Pop-up events and supper clubs have proved fertile breeding grounds for Hackney’s emerging restaurants, too. Claire Roberson opened Mayfields in Hackney Central, where chef Matthew Young serves an eclectic menu of small plates in a converted fish and chips shop last May after staging the well received Shacklewell Nights supper club in various East London locations. Jackson Boxer (grandson of British food writer Arabella Boxer) opened Rita’s in November with business partners Missy Flynn, Gabriel Pryce, Deano Jo and Andrew Clarke in London Fields in Hackney Central following a nine month trial in Birthdays nightclub in Dalston. And the recently opened Sager and Wilde wine bar in Haggerston that specializes in boutique wines and charcuterie started life as an after-hours weekly pop-up in a coffee bar.
The most notable pop-up is The Clove Club. Head chef Isaac McHale was previously part of the Young Turks collective with Ben Greeno (now head chef of Momofuku Seiobo, Sydney, Australia) and James Lowe (who was looking to debut his own venture, Lyle’s), which ran a series of pop-ups across London. The events helped develop a loyal following for the chefs’ food, which McHale leveraged via a crowd-funding website. “We didn’t have a lot of money and didn’t want to give away too much control and equity to one large investor who might want us to do something safer or with a better return on investment,” says McHale. “I met American chef Brad McDonald, now at The Lockhart in London, when I staged at Noma in Copenhagen about five years ago and he was working there. We stayed in touch, and he told me that Kickstarter funded his previous restaurant Colonie in Brooklyn, New York. I thought that was a really interesting approach.”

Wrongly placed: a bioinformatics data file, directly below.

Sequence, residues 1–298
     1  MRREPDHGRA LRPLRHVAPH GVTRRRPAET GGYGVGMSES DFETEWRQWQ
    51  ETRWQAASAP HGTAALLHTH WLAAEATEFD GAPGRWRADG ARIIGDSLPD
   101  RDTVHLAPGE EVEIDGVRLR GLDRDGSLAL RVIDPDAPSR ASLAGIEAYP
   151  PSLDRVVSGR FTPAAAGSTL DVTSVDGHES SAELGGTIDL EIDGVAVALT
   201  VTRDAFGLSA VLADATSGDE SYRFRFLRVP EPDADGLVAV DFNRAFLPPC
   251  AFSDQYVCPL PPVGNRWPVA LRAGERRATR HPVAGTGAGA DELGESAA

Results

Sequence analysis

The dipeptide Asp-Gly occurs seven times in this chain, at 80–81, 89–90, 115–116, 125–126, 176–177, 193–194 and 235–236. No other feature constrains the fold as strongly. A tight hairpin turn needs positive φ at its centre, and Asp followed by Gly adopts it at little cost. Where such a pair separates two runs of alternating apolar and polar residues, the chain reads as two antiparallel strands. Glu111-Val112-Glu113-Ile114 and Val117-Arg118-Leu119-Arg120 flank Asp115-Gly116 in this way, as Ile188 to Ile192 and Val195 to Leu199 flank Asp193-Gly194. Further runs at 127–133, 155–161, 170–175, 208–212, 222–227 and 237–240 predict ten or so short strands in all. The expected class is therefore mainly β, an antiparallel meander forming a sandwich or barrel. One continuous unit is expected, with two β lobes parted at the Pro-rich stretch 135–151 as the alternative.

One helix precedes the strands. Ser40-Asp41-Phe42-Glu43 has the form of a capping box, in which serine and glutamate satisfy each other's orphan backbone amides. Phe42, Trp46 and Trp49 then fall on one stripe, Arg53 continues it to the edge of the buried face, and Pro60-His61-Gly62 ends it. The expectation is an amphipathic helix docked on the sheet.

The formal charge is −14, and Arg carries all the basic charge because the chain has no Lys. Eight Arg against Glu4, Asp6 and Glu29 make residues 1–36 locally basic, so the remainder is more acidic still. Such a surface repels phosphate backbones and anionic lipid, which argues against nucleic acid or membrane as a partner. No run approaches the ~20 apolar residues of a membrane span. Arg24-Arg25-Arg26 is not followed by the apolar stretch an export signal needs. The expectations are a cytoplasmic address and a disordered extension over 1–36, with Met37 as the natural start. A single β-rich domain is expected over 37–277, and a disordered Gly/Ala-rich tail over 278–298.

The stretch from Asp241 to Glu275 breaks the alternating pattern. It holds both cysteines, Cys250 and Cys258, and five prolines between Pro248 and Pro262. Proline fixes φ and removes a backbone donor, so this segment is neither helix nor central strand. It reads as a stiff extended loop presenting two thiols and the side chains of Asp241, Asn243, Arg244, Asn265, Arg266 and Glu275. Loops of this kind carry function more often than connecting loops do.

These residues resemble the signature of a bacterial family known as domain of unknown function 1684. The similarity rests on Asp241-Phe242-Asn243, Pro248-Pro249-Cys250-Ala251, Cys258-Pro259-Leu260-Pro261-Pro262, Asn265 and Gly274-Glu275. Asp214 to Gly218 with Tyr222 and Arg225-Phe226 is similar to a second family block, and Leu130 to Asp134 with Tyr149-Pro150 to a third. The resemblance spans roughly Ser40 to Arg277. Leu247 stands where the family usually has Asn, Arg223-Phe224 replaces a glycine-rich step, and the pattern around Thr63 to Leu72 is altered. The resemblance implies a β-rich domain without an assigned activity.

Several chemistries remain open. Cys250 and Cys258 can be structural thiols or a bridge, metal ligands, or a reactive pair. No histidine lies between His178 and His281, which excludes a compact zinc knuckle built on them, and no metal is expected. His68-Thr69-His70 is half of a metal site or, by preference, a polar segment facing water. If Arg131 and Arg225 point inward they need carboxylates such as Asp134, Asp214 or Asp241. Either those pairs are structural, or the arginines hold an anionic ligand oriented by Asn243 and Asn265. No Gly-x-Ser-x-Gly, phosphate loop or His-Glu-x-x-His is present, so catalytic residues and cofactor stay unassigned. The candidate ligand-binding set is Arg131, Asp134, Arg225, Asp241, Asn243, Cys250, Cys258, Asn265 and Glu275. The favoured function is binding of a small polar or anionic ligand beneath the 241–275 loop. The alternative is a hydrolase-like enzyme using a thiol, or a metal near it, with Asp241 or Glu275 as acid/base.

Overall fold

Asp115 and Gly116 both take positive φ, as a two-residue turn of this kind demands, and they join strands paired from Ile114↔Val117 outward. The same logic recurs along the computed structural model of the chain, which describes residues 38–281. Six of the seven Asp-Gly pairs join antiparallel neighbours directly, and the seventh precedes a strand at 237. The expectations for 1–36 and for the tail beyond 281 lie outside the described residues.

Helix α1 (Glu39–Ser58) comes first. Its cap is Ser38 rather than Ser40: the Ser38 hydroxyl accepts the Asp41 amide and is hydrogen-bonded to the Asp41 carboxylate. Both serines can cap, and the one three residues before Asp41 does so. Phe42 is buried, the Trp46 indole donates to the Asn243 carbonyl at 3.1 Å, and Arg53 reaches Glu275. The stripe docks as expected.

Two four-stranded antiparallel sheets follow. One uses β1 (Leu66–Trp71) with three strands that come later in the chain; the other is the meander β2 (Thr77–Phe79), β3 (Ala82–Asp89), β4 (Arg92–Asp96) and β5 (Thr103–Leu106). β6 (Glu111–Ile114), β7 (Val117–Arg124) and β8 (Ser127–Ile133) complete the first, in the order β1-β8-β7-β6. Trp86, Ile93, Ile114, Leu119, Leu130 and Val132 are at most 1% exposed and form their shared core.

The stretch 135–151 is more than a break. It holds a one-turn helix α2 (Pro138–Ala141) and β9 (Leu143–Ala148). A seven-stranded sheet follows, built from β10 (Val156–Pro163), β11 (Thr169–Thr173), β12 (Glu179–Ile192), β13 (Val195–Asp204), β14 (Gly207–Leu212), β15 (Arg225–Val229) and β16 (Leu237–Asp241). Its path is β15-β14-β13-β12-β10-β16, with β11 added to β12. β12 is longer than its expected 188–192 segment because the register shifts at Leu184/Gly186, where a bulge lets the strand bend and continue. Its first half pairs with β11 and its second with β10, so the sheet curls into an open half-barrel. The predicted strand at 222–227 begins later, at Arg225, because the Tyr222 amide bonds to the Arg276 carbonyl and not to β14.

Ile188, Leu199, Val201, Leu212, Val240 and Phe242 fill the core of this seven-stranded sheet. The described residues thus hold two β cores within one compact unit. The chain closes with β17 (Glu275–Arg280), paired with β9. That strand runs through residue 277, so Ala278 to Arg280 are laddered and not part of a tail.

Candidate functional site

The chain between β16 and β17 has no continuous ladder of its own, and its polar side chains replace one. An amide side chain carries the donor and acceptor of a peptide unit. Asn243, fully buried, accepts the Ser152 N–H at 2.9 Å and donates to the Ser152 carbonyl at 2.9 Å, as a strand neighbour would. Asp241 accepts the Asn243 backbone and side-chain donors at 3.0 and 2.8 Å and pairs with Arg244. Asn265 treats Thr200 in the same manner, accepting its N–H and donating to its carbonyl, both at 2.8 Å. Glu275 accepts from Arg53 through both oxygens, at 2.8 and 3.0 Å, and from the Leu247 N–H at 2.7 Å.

Set in the Grade 2–listed Victorian Shoreditch Town Hall, The Clove Club is one of Hackney’s larger and more atmospheric restaurant spaces. Throw that in along with McHale’s acclaimed Noma–meets–St. John cooking that encompasses modish signature dishes like buttermilk fried chicken with pine salt and slow-poached pheasant’s egg with almonds, radishes, and home-cured lardo, it’s no wonder why The Clove Club attracts customers from all over London and the world. It’s also arguably the borough’s most ambitious and probably its most expensive restaurant, with a £55 ($91) five course dinner menu, a price point more commonly seen in the West End of London. “I’ve never thought, ‘I can’t do that’ because I’m in Hackney,” McHale states. “I stupidly spend all my money on caviar, extra-large langoustines, white truffles, et cetera. We offer a supplement course every night—I recently served English caviar from Exmoor with a baked potato jelly, pear, walnut, and crème fraîche—and 60 to 70 percent of guests ordered it, so there is the demand. If we were in Dalston or Stoke Newington, it would be a different kettle of fish.”